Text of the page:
In my opinion, the Fatosphere is for people fresh off the Self-Loathing Express, who need a little more protection from nuanced viewpoints with regards to dieting (and other triggering subjects). It takes time to find your sealegs in FA and I can understand why diet talk might cut those out from under you.

    However, not everyone wants to be insulated from nuance. Not everyone is triggered by any form of diet talk. Some people want to read a complex analysis of another person’s struggle with dieting because it speaks to their own struggles.

    What I don’t understand is why we can’t allow people to decide for themselves whether they want to read diet talk or not. State up front that this post has diet talk and you can skip it. Hell, there are things I don’t want to see on the Fatosphere feed, like pictures of naked men, but they are right there on the feed along with everything else. I haven’t demanded that they be removed from the feed. I simply ignore it. has diet talk. But it also has adequate warnings in place to help you avoid controversial subjects that may not interest you. And so far, nobody has complained about the diet talk crossing the line or not being fat positive or encouraging unhealthy behavior. Because that’s not what we’re about. We’re about exploring the diversity of the fat experience, which INCLUDES dieting, for better or worse.

    I think the ironic thing about this post is that it IS diet talk. You’re talking about the subject of dieting. You are analyzing it and what it means. But nobody is calling for your head on a platter.

    I stated essentially the same thing (if I were to diet, it would be for health reasons (family history of heart disease) and if I did so, then I would likely lose weight as a result) and was assaulted on all sides.


    • Katie / Apr 9 2010 11:06 am

      Shannon, I do read your blog from time to time and I especially appreciate your posts about interviews with folks like Meme Roth and Michael Karolchyck. I wasn’t referencing you, because somehow I managed to miss most of whatever drama went down involving you (though I saw enough to know there was drama). There have been a couple other more recent incidences, including one in the last week or so, that I was more involved with and that’s what this post was referencing.

      I stated essentially the same thing (if I were to diet, it would be for health reasons (family history of heart disease) and if I did so, then I would likely lose weight as a result) and was assaulted on all sides.

      I don’t think that what you are saying here and what I’m saying in my post actually is the same thing. For one thing, I’m not talking about dieting in the sense that most people understand it—some form of calorie restriction with the goal of losing weight. I am neither restricting calories nor making weight loss a goal. I am making some changes to try to improve my health, and from what I’ve read, weight loss is sometimes a side effect of the med that I will likely be placed on. So the calorie restriction is for health, not to lose weight; and weight loss isn’t a goal, it’s only a possible side effect.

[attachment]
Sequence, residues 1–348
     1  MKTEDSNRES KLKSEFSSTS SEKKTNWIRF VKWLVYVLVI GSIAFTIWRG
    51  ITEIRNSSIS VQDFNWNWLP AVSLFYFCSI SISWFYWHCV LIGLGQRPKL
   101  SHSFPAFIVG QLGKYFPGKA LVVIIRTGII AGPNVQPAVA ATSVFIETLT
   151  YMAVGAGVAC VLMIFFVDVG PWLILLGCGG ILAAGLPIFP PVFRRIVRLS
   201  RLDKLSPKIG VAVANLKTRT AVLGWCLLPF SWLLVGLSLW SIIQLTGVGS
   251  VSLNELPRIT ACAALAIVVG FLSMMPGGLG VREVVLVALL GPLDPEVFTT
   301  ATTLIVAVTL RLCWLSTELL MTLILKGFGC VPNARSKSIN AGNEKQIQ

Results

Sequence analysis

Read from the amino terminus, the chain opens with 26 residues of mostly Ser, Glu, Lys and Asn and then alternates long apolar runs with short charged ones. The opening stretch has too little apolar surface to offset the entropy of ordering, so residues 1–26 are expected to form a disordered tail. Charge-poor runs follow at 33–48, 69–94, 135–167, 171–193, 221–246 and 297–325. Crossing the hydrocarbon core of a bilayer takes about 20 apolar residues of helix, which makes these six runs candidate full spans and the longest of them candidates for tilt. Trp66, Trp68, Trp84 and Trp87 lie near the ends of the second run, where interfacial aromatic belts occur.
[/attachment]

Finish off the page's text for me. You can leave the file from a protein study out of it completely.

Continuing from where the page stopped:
This post is “diet talk” in a broad sense, but only insofar as you can never prohibit talking about something without talking about it. If I made a post about how no racist talk was welcome here (which it’s not) then I am inevitably talking about “racist talk” by doing so. But I’m talking about it from a meta- perspective. I’d be talking about racist talk, not engaging in it; I’m talking about diet talk, not engaging in it.

      However, I have found that there are people within the Fat Acceptance movement who want to discuss dieting in one context or another (either how they struggle to stay off the dieting roller coaster or how other people push them to diet or how they’re adjusting to a non-dieting lifestyle or, even, how they are considering a diet for themselves).

      My understanding is that everything in that list is completely acceptable in the fatosphere feeds except the last one. Talking about going on a diet in the sense of “calorie restriction with the goal of weight loss” (not talking about “making dietary changes for health”) is antithetical to a Health At Every Size viewpoint because of the health dangers of dieting and the negative message that sends about fat bodies. Or at least, that’s the stance the fatosphere has taken and I happen to agree with it.

      I have to say that I’m glad there are voices in Fat Acceptance, like yours, who honor the need for trigger warnings and make an open space for folks who are still considering dieting. At the same time, I am also grateful that there is a “fatosphere” which has chosen to draw a line in the sand about this so that there is one place—just one place—where people can go and not be subject to diet talk.